I speak as one of two members of the Public Accounts Committee serving on this Committee—the hon. Member for Redcar is also a member—and I want to respond to what the hon. Lady said about one of the reports that we issued in December. I do not think she was trying to say that Lin Homer, the chief executive of HMRC, was a light touch when it came to tidying up any sort of tax-avoidance issues. In fact, under strong questioning from the PAC, it became rather obvious that while we might like some of these things out in the open so that we can see what HMRC is doing, a lot of detailed work is going on behind the scenes. If the hon. Lady read not just the conclusions of the report, but the interview with Lin Homer during which I, the hon. Member for Redcar and the Chair of the Committee all interacted with the chief executive of HMRC about these issues, she would see how much detailed work is going on to stop the type of tax avoidance that no member of this Bill Committee would condone.
I am grateful to the hon. Member for Kilmarnock and Loudoun for her contribution. Contrary to what she said, the evidence is that the market for tax-avoidance schemes is shrinking and that HMRC is securing greater revenues from those who try to avoid paying their fair share. For example, disclosures of tax-avoidance schemes fell by almost 50% between 2011-12 and 2012-13—from 116 to 59—and 80% of the avoidance cases heard in the courts are being won by HMRC. In 2012-13, HMRC won 26 of the 32 avoidance cases that it pursued, protecting £2.25 billion in revenues. In 2013-14, HMRC won 29 of 37 cases, protecting nearly £2.5 billion by mid-March 2014. Since April 2010, HMRC has collected more then £750 million in additional tax revenues from the UK’s 6,000 wealthiest individuals, so there is evidence that HMRC is improving its tax-avoidance measures.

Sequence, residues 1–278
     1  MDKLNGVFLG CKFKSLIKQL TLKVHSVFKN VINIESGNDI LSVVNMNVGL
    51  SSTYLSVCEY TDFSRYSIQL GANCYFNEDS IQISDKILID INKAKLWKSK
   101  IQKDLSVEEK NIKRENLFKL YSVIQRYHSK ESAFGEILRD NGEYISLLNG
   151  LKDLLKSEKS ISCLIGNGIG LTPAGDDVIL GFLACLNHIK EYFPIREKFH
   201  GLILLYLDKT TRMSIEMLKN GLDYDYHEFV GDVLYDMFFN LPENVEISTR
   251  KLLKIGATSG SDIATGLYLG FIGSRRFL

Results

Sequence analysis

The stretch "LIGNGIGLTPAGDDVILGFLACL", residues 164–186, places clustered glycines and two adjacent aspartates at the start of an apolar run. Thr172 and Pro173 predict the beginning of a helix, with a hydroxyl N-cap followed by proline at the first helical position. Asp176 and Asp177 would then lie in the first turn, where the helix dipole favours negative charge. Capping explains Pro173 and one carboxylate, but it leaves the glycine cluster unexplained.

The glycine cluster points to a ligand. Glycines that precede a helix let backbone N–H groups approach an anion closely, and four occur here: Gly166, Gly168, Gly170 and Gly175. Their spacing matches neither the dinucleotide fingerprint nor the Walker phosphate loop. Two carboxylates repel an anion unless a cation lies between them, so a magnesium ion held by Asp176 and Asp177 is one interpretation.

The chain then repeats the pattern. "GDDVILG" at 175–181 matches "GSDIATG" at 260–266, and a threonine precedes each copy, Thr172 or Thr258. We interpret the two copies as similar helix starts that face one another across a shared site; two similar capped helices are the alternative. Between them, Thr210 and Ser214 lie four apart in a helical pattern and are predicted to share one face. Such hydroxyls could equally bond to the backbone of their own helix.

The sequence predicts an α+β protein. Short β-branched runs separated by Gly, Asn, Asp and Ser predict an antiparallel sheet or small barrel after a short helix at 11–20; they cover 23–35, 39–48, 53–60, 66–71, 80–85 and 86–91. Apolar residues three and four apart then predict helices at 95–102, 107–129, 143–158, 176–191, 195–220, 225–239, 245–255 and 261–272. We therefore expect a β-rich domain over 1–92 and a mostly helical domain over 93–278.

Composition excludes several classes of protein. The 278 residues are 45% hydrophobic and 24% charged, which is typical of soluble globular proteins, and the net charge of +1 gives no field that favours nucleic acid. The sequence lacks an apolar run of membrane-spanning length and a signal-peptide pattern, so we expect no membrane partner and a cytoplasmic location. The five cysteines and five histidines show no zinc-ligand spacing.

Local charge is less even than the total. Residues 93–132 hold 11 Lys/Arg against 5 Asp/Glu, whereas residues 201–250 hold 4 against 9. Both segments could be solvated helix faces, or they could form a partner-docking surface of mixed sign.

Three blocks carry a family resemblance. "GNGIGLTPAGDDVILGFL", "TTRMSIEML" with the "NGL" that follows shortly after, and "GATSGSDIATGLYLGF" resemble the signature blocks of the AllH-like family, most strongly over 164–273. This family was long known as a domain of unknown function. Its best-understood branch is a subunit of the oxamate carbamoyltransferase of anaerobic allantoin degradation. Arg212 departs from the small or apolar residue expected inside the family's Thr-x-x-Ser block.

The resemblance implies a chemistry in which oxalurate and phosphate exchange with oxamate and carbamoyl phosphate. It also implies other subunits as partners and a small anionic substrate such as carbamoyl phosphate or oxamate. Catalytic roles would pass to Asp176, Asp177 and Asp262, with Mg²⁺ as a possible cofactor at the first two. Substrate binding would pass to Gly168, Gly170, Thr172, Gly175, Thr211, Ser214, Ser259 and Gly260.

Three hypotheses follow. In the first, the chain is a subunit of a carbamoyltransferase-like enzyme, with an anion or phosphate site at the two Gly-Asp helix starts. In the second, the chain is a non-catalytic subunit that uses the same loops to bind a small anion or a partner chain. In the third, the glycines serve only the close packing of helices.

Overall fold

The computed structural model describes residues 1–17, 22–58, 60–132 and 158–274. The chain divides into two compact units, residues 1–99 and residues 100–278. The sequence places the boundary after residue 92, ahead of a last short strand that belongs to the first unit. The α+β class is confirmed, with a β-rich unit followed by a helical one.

I will have to get back to the hon. Lady on that very specific question. I am not sure what the progress is on that, but I think she would have to agree that there is evidence of a successful improvement through the anti-avoidance measures that the Government have been taking.
As the hon. Lady said, clauses 27 and 28 arise from the reviews that HMRC is undertaking on the rules for loan relationships and derivative contracts, which involve a major consultation exercise. Most changes to the rules will be in the 2015 Finance Bill, but clauses 27 and 28, which are both technical, have already been agreed with the consultation group.